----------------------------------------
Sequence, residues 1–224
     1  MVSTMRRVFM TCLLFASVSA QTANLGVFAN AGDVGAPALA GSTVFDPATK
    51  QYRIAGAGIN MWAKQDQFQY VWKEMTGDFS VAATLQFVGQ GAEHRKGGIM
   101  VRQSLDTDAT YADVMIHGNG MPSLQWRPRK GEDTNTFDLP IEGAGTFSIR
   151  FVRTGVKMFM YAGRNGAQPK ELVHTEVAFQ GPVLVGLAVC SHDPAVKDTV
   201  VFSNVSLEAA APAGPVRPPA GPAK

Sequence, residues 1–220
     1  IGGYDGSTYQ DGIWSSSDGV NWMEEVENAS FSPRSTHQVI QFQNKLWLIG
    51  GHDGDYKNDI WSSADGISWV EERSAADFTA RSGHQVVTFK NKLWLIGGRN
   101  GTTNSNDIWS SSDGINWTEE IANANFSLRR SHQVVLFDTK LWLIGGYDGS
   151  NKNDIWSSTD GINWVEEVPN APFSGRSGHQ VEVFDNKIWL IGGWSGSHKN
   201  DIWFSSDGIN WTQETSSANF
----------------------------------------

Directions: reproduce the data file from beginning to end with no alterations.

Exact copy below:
Sequence, residues 1–224
     1  MVSTMRRVFM TCLLFASVSA QTANLGVFAN AGDVGAPALA GSTVFDPATK
    51  QYRIAGAGIN MWAKQDQFQY VWKEMTGDFS VAATLQFVGQ GAEHRKGGIM
   101  VRQSLDTDAT YADVMIHGNG MPSLQWRPRK GEDTNTFDLP IEGAGTFSIR
   151  FVRTGVKMFM YAGRNGAQPK ELVHTEVAFQ GPVLVGLAVC SHDPAVKDTV
   201  VFSNVSLEAA APAGPVRPPA GPAK

Sequence, residues 1–220
     1  IGGYDGSTYQ DGIWSSSDGV NWMEEVENAS FSPRSTHQVI QFQNKLWLIG
    51  GHDGDYKNDI WSSADGISWV EERSAADFTA RSGHQVVTFK NKLWLIGGRN
   101  GTTNSNDIWS SSDGINWTEE IANANFSLRR SHQVVLFDTK LWLIGGYDGS
   151  NKNDIWSSTD GINWVEEVPN APFSGRSGHQ VEVFDNKIWL IGGWSGSHKN
   201  DIWFSSDGIN WTQETSSANF